Louisville's International Airport Renamed After Muhammad Ali Louisville's international airport officially has a new name after hometown boxing hero Muhammad Ali. The Muslim community is celebrating the switch and symbolism behind it.
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Louisville's International Airport Renamed After Muhammad Ali

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Louisville's International Airport Renamed After Muhammad Ali

Louisville's International Airport Renamed After Muhammad Ali

Louisville's International Airport Renamed After Muhammad Ali

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Louisville's international airport officially has a new name after hometown boxing hero Muhammad Ali. The Muslim community is celebrating the switch and symbolism behind it.

MARY LOUISE KELLY, HOST:

Now to Louisville, Ky., where the city's regional airport has a new name - the Louisville Muhammad Ali International Airport. Today the city unveiled the branding for the airport renamed for the boxing legend. As Amina Elahi of member station WFPL reports, the change is being hailed by many in the community, especially many Muslims who find great meaning in the decision.

AMINA ELAHI, BYLINE: Muhammad Ali's daughter Maryum thinks it's a big deal that Louisville has named its airport after her dad.

MARYUM ALI: My father would be the type where, if he was living, going in and out of that airport - this airport was named after me. That's something. That's something, man. This is big. This is beautiful - a Muslim, a Muslim. I could just hear him now.

ELAHI: Maryum was in town for the annual Ali Week, when Louisville celebrates the champ. She says the name change could be a source of hope, especially considering the challenges some Muslims have faced in airports since the 9/11 terrorist attacks - she was one of them. For a while afterwards, she couldn't check her baggage curbside. Her name was on a watch list. So she thinks it's ironic to now have an airport named for her father. Maryum says there are those who would separate Muhammad Ali from Islam, but she remembers her father speaking often of his faith and being motivated by it.

On a recent afternoon, worshippers lined up shoulder-to-shoulder for prayers at the Guiding Light Islamic Center in Louisville. After prayers, Louisville resident Mohamed Samaha says he sees no downside to the airport renaming. It's something he thinks Muslims should be proud of.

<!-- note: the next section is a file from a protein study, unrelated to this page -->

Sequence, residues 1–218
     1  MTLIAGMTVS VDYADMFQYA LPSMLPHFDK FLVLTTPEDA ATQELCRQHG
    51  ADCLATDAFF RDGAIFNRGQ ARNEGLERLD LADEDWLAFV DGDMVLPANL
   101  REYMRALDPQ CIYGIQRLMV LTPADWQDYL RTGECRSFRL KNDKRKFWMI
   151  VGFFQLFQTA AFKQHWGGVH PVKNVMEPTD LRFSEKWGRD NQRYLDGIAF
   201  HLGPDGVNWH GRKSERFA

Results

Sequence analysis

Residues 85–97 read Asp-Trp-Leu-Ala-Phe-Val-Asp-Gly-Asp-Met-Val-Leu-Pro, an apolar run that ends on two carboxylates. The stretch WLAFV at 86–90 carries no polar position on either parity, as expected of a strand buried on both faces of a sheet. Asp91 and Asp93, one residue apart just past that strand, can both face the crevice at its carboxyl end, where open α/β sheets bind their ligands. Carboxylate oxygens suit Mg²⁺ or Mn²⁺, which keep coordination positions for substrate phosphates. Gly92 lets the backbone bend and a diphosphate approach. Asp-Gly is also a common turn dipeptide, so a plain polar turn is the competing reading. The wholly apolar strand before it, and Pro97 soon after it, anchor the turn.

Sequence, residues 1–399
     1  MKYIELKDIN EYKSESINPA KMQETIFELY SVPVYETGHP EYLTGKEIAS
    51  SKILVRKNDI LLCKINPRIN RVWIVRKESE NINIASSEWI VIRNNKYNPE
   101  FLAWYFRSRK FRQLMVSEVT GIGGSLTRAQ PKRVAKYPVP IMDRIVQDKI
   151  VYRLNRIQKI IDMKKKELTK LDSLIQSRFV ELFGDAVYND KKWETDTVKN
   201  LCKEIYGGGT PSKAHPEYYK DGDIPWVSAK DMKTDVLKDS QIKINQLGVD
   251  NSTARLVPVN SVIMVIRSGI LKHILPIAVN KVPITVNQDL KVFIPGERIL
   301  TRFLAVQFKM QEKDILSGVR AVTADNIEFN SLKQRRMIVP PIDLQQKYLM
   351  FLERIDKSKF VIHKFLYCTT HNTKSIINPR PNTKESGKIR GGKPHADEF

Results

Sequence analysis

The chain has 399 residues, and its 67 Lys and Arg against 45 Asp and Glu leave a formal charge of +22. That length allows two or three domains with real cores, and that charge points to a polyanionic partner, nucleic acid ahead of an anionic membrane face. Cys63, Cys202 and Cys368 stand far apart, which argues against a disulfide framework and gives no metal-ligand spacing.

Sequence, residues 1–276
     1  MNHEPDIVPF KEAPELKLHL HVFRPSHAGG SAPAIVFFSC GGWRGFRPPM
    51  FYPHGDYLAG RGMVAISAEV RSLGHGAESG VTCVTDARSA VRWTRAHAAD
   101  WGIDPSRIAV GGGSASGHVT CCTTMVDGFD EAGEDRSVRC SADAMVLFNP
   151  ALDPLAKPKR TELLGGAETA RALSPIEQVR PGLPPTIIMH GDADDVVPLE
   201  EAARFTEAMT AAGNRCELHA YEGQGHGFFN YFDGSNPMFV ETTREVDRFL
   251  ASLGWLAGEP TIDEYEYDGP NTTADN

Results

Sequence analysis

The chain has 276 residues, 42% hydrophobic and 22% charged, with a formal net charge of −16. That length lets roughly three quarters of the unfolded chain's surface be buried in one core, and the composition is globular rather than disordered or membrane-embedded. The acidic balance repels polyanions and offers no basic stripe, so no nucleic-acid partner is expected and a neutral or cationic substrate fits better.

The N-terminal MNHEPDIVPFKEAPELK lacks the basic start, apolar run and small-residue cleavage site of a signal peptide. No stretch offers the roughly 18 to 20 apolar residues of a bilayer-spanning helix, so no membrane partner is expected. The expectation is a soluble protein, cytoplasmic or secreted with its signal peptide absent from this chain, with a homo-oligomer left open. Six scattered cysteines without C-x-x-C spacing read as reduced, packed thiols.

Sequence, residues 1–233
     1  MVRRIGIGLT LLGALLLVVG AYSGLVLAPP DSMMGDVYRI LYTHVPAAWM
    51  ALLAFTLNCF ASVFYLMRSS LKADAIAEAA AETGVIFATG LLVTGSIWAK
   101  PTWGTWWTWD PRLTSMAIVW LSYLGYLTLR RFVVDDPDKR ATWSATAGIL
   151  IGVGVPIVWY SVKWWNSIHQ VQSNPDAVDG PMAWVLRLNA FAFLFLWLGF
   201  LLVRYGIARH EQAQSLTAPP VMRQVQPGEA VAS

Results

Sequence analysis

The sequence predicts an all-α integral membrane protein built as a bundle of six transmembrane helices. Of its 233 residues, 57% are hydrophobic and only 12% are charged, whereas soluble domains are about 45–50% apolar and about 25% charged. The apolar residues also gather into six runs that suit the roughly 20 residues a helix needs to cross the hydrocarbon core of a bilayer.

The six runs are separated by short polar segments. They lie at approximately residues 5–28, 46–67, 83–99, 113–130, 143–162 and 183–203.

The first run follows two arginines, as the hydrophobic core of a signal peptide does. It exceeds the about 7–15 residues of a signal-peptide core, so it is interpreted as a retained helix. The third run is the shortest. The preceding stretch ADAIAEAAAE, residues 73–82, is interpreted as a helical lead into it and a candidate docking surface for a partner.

MOHAMED SAMAHA: But I stress on the fact that we don't want to claim Muhammad Ali just for ourselves as Muslims. Muhammad Ali is a world icon.

ELAHI: His wife, Kim Mohamed, is also excited. She wears a headscarf - or hijab - and says she's been randomly selected to be patted down at the Louisville airport.

KIM MOHAMED: She actually apologized and said, I'm sorry I have to do this. It's so that the other passengers feel safe. I said, that's OK. We all want to feel safe.

ELAHI: She's a Kentucky native and says the rebranding will be great for Muslims and will attract travelers to Louisville.

MOHAMED: If a person travelling has it in their head that this airport is named Muhammad Ali, then it might ease their anxiety to think that they are headed to a friendly place.

ELAHI: That welcoming image is something Louisville officials hope to capitalize on with the new airport name. Even today, some think of Ali as an athlete and philanthropist before thinking of him as a Muslim. Mayor Greg Fischer says Ali tourism is becoming a major brand along with the Kentucky Derby and bourbon. He says there are people who want to learn about Ali the boxer and Ali the humanitarian.

GREG FISCHER: We want them to know we're the home of the champ. And the champ stood for being the greatest at whatever he did, whether it was inside the boxing ring or helping people with their humanitarian causes.

ELAHI: Ali's daughter Maryum says her father would have been honored by the recognition. He was always confident, but in his old age, he would've been surprised by it too. Now Maryum hopes those who use Ali's brand do so in a way that acknowledges the religion he loved.

ALI: If you're going to speak about him and how great he is, it's good to also mention we should not hate a whole religious group. Look at our native son, Muhammad Ali. He was a Muslim.

ELAHI: One of the greatest fights of Ali's life was for better understanding of Islam. That fight continues today. And his daughter Maryum says it's up to Muslims to remind people that what they admire about Ali also includes Islam. For NPR News, I'm Amina Elahi in Louisville.

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